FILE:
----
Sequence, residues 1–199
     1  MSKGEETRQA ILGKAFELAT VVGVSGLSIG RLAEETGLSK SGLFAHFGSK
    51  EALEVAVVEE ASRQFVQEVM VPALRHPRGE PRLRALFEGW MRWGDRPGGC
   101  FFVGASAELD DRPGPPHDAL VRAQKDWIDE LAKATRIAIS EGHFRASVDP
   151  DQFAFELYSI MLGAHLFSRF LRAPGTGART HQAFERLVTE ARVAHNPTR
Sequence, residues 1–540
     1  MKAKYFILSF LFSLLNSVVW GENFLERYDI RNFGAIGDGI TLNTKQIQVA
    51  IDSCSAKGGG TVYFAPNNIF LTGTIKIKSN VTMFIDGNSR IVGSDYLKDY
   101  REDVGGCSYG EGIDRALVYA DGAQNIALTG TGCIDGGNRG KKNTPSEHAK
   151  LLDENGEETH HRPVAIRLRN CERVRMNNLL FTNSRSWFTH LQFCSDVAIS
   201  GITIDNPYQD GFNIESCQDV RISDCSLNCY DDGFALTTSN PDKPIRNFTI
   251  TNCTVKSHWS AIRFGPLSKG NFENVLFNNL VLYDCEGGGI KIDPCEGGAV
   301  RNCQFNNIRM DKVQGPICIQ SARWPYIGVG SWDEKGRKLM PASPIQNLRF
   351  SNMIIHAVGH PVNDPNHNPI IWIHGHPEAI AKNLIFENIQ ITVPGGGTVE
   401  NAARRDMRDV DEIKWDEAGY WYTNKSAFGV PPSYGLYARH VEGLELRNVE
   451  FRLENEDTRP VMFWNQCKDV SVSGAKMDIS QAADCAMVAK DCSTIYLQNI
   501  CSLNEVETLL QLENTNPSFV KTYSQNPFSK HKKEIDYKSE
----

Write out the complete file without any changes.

Sequence, residues 1–199
     1  MSKGEETRQA ILGKAFELAT VVGVSGLSIG RLAEETGLSK SGLFAHFGSK
    51  EALEVAVVEE ASRQFVQEVM VPALRHPRGE PRLRALFEGW MRWGDRPGGC
   101  FFVGASAELD DRPGPPHDAL VRAQKDWIDE LAKATRIAIS EGHFRASVDP
   151  DQFAFELYSI MLGAHLFSRF LRAPGTGART HQAFERLVTE ARVAHNPTR
Sequence, residues 1–540
     1  MKAKYFILSF LFSLLNSVVW GENFLERYDI RNFGAIGDGI TLNTKQIQVA
    51  IDSCSAKGGG TVYFAPNNIF LTGTIKIKSN VTMFIDGNSR IVGSDYLKDY
   101  REDVGGCSYG EGIDRALVYA DGAQNIALTG TGCIDGGNRG KKNTPSEHAK
   151  LLDENGEETH HRPVAIRLRN CERVRMNNLL FTNSRSWFTH LQFCSDVAIS
   201  GITIDNPYQD GFNIESCQDV RISDCSLNCY DDGFALTTSN PDKPIRNFTI
   251  TNCTVKSHWS AIRFGPLSKG NFENVLFNNL VLYDCEGGGI KIDPCEGGAV
   301  RNCQFNNIRM DKVQGPICIQ SARWPYIGVG SWDEKGRKLM PASPIQNLRF
   351  SNMIIHAVGH PVNDPNHNPI IWIHGHPEAI AKNLIFENIQ ITVPGGGTVE
   401  NAARRDMRDV DEIKWDEAGY WYTNKSAFGV PPSYGLYARH VEGLELRNVE
   451  FRLENEDTRP VMFWNQCKDV SVSGAKMDIS QAADCAMVAK DCSTIYLQNI
   501  CSLNEVETLL QLENTNPSFV KTYSQNPFSK HKKEIDYKSE